The Looking Glass War

Anthony Hopkins with Christopher Jones

The third of John Le Carré’s spy thrillers to be adapted for the big screen, 1970’s The Looking Glass War is an odd and pretty much entirely unsuccessful spy thriller that’s taken a big conceptual decision only for it not to pay off at all.

The first two adaptations were the big success The Spy Who Came In from the Cold (Richard Burton starred) and the underrated The Deadly Game (a reworking of Le Carré’s novel Call for the Dead, with James Mason as a version of George Smiley).

There’s no sign of Smiley here, though he was in this film’s original novel. That said, there is some justification for removing him since the action didn’t centre on him or his chaps at the “Circus”.

Plotwise, it’s a simple one. The Soviets are up to something behind the Iron Curtain, a new missile, maybe, and London wants to know what’s going on. So they recruit a German-speaking Polish would-be defector to go behind enemy lines and report back. And that’s what he does.

A lavishly made, good-looking film is what we get as a result, shot in the UK and “Europe” (as the credits coyly tell us, hoping we’ll mistake Spain for somewhere in the Eastern bloc) in the last days of US-financed films being made in the UK before the plug was pulled in the early 1970s.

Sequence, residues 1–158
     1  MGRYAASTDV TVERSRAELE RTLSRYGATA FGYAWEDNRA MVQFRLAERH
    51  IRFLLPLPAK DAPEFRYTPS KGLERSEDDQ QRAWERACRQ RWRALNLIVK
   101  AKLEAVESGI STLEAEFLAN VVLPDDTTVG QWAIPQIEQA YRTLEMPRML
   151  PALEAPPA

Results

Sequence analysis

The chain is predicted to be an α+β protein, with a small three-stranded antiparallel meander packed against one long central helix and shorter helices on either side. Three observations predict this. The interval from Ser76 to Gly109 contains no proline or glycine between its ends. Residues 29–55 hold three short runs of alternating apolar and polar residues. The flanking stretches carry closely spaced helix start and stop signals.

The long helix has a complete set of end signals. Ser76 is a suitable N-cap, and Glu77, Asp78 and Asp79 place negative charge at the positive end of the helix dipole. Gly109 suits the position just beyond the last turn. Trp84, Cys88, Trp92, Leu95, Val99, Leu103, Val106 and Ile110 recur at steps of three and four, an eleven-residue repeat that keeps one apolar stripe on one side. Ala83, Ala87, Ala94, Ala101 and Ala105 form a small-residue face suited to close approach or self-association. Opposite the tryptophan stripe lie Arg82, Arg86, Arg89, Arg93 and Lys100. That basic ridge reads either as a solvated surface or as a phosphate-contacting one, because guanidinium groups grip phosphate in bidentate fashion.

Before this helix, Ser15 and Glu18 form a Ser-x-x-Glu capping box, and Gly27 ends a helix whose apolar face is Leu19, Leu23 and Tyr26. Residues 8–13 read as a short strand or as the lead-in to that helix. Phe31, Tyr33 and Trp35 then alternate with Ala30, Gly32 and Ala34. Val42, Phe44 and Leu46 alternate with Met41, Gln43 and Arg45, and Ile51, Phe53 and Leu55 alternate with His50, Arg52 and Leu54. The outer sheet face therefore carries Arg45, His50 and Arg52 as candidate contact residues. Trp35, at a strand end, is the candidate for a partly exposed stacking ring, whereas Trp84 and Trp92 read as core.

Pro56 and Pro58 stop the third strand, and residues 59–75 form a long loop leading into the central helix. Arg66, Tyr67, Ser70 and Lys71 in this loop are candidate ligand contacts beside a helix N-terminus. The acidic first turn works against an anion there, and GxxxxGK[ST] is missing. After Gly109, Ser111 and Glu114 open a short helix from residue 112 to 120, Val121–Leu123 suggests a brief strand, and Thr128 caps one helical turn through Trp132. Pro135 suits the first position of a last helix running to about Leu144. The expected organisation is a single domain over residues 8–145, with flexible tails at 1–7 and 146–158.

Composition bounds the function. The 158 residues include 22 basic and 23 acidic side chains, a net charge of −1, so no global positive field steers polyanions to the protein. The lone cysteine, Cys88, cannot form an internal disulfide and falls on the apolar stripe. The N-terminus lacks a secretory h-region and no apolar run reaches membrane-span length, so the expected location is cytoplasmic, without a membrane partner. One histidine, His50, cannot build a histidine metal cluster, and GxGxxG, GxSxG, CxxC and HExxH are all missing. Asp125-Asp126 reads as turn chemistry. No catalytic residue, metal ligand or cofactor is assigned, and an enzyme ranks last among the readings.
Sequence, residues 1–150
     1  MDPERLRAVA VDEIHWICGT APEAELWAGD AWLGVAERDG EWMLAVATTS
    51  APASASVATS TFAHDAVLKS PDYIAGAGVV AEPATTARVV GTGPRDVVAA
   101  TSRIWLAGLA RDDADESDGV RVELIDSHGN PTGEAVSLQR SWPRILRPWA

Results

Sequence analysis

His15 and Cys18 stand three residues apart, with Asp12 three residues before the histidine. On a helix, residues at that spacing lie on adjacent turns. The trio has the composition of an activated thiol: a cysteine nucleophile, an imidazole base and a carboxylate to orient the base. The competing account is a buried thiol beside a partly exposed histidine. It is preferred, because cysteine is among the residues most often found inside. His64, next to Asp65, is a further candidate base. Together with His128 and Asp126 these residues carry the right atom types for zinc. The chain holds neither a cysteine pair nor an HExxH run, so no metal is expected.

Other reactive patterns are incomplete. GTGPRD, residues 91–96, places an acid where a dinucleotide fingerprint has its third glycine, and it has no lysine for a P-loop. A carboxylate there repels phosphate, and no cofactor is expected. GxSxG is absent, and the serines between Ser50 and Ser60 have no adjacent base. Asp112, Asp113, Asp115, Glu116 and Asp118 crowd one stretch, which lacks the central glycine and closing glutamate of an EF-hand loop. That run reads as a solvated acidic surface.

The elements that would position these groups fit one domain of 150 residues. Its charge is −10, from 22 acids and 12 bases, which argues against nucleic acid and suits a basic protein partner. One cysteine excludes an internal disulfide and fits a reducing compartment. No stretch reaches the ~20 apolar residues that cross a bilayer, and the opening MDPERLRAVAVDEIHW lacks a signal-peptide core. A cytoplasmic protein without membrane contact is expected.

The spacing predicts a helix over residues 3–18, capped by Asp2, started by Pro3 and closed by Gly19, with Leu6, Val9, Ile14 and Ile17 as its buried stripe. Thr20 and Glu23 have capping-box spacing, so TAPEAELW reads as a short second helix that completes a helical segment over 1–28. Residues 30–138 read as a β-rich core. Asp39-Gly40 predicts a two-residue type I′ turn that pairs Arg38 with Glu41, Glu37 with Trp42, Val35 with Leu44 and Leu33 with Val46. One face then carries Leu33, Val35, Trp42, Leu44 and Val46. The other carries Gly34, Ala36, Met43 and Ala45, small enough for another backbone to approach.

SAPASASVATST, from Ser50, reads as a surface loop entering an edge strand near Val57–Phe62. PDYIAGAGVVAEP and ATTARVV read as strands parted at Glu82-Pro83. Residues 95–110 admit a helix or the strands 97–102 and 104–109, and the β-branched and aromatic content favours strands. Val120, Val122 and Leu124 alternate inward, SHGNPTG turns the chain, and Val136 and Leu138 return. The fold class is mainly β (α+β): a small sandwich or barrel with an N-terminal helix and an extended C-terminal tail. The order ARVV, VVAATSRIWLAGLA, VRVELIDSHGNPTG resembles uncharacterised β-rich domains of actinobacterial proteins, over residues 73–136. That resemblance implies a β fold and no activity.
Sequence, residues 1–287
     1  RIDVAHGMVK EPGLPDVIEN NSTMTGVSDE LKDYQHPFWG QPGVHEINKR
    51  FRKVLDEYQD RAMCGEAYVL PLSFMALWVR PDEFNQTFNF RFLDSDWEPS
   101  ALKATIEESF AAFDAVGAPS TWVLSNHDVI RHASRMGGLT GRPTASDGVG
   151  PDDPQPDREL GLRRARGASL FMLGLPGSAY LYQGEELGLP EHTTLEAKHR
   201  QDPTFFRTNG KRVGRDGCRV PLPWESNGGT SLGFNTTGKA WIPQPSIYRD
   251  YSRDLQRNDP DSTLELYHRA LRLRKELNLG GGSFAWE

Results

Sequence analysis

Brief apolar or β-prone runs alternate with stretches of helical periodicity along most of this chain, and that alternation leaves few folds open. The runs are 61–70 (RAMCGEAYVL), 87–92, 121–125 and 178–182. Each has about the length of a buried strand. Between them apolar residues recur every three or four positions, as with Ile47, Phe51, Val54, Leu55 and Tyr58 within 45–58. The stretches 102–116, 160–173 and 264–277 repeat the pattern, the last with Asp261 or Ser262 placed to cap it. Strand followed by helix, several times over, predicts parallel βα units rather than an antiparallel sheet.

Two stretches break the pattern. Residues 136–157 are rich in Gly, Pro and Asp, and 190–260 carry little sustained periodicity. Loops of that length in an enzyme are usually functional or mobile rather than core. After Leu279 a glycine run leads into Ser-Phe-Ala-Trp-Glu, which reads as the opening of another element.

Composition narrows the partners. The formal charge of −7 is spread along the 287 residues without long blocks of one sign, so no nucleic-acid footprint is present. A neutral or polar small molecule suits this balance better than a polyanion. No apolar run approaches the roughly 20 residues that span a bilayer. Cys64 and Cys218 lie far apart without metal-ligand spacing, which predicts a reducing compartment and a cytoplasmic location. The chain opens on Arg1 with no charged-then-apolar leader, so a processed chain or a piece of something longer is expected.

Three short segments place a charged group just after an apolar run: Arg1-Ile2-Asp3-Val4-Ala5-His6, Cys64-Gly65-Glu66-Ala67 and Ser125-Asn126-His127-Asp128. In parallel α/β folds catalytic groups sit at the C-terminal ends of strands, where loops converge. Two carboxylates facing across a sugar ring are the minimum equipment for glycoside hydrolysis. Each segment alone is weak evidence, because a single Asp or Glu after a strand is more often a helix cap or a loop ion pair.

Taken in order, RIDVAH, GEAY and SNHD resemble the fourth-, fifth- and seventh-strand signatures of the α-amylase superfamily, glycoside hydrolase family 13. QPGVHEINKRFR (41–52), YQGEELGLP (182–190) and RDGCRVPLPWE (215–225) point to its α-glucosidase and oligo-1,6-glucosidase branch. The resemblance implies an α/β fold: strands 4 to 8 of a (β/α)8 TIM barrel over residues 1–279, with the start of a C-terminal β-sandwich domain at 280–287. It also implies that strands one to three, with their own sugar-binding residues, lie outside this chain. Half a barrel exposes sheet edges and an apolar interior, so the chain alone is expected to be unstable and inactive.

It’s a great cast – Ralph Richardson and Anthony Hopkins most notably, but full of quality names, like Anna Massey, Timothy West and Ray McAnally. Hopkins fans might be surprised at how massively underused he is. True, this was only his fourth feature film, but he was hot off The Lion in Winter and you’d have expected more than a flunkey role, which is pretty much all he’s been thrown here.

Carrying the film is Christopher Jones, a handsome leading man who was having his flash in the pan when he got cast as the lead, Preiser, the defector-turned-rookie-agent. A couple of years on from Bonnie and Clyde – the film that shook up old Hollywood – it’s obvious that the producers have decided to gamble all on Preiser’s long hair and snake hips and go for the youth vote. Jones gets top billing, the likes of Richardson and Hopkins hold his coat and John Le Carré is largely left out in the cold.

Preiser struggles with his captors
Maybe the Warren Beatty hair and shades weren’t such a great idea

Sure, there are still glimpses to be had of Le Carré. Spying isn’t glamorous, it’s bureaucratic, a case of protocols and following the rules. There is spycraft and it’s of a very practical Le Carré-ish sort – messages hidden in toothpaste tubes, the correct way to disable a tripwire etc. No James Bond stuff.

That said, the understanding here seems to be that Preiser could eventually become a James Bond, that’s the way the whole movie tilts. He’s a master of several languages, resourceful, handy in a fight and insanely attractive to women. Look at the way the two women in his thrall are credited – Pia Degermark is The Girl, Susan George is simply The Girl in London (a year later she’d be starring in Straw Dogs with Dustin Hoffman).